The upcoming Belgian pear season will be primarily characterized by rising costs. According to Van Haelst Fruit's Christoph Van Haelst, it is vital for producers that growers and exporters present a united front for fair prices. "Particularly energy costs are skyrocketing, and these are tough to pass on. We need to stay calm and not instantly flood the market. Then, together, we can achieve fair prices. Supermarkets have a significant role here for everyone to earn a good living," he begins.
Good, but variable quality
Van Haelst Fruit has just about finished harvesting its new Conference pear crop. "Our pears are of excellent quality with far fewer Class II pears and very high sugar content. There are big differences between plots, though. The stormy weather drastically affected some growers very locally, and the quality of plots that weren't irrigated when it was so hot is far inferior to the irrigated plots."
"We, fortunately, could irrigate very well. Still, overall, the pears will be as much as 5 to 10mm smaller than last year." As for volumes, the trader estimates that more has been picked than last year. "Exceptions aside, all growers harvested more. However, pears are sold per kilo but eaten per piece, so we'll have to encourage increased consumption via promotions," says Christoph.
"Staying calm is crucial"
As mentioned, he is concerned that the market will be oversupplied early in the season. "People, having picked smaller pears, will more likely package them. The increased energy costs have made storage extremely pricey. Many growers and traders then consider long storage unprofitable because they cannot pass these high costs on to supermarkets."
"These rising energy costs mean panic is lurking, while a healthy pear market requires calm. Negotiations will begin soon, and we, as Dutch and Belgian traders, must remain resolved if we want to pass those costs on to the supermarkets. They pass it on to consumers anyway," Christoph continues.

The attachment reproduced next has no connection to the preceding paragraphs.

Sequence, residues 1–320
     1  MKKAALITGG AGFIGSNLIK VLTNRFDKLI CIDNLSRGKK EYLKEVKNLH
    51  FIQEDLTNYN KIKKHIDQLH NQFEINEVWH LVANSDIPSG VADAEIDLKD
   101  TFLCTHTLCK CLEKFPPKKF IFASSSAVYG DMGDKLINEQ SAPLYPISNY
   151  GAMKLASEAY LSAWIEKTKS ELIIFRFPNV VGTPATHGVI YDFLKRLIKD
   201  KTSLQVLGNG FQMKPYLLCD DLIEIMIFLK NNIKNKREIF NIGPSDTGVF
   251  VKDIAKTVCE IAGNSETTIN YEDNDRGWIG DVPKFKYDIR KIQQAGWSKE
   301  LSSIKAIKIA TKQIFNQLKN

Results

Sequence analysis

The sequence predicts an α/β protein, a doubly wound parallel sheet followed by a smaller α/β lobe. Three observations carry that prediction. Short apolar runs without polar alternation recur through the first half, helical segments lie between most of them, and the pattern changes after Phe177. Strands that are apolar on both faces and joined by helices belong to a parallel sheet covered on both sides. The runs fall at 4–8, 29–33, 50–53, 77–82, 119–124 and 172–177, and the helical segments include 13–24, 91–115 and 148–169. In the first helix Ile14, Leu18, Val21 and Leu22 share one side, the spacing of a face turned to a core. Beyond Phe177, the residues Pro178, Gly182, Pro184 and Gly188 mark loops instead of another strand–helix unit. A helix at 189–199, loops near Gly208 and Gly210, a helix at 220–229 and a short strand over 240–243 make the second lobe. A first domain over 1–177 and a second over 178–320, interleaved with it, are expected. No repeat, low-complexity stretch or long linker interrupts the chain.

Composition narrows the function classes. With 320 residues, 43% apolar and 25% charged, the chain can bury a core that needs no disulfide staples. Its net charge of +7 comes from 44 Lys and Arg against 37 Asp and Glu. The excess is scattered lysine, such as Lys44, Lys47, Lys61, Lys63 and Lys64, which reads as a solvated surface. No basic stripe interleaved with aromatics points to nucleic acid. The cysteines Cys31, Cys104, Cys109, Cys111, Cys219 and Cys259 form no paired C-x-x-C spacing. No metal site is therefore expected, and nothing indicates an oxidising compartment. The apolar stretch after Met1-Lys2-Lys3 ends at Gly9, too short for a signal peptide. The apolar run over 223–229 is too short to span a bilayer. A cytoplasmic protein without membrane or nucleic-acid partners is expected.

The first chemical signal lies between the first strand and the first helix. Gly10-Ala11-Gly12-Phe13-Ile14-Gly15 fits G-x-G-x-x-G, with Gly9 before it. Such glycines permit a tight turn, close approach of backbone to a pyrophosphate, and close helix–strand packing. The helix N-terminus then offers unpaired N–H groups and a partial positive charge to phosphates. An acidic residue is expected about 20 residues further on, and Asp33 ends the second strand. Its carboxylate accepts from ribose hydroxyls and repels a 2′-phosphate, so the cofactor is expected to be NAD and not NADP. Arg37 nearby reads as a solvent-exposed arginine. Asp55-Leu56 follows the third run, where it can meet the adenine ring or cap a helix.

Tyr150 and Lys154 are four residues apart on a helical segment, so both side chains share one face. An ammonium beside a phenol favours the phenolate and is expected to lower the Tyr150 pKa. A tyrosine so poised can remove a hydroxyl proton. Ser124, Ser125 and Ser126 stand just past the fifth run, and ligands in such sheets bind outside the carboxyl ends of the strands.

"That, while largely ignoring growers and traders' expenses. The most significant costs - refrigeration - are behind us, so it's mainly storage quality that must be closely monitored. Belgians sell faster, while the Dutch tend to wait and see, which can also be disastrous if they store the pears for too long. Let's stay calm and, together, stably fill the market."
To reduce storage costs, the company, which exports about 95% of its pears, is always looking for alternative energy sources. "We want to eventually be energy independent. We already have solar panels to reduce that pressure but are looking at investing in major alternatives. We want to become an entirely energy-neutral company. However, we understand that's not possible for everyone, so cooperation among ourselves is simply essential," Van Haelst says.
Christoph sees a generally challenging season ahead. "But, it remains important to handle stored fruit intelligently. As of yesterday, the market wasn't yet ready for large volumes. Demand usually starts from early November through to roughly April. That's when we do the most trade. Aside from that, there's still too much competition from other fruits."
"People aren't ready for pears yet. Plus, we'll have to steer the supermarkets towards somewhat smaller pears. There's only one way to do that: price. Last year, large and small pears cost the same; this year, those will have to remain different," he concludes.
For more information:
Christoph Van Haelst
Van Haelst Fruit
9130, Verrebroek, BE
Tel: +32 (0) 333 61 647
Tel: +32 (0) 477 777 736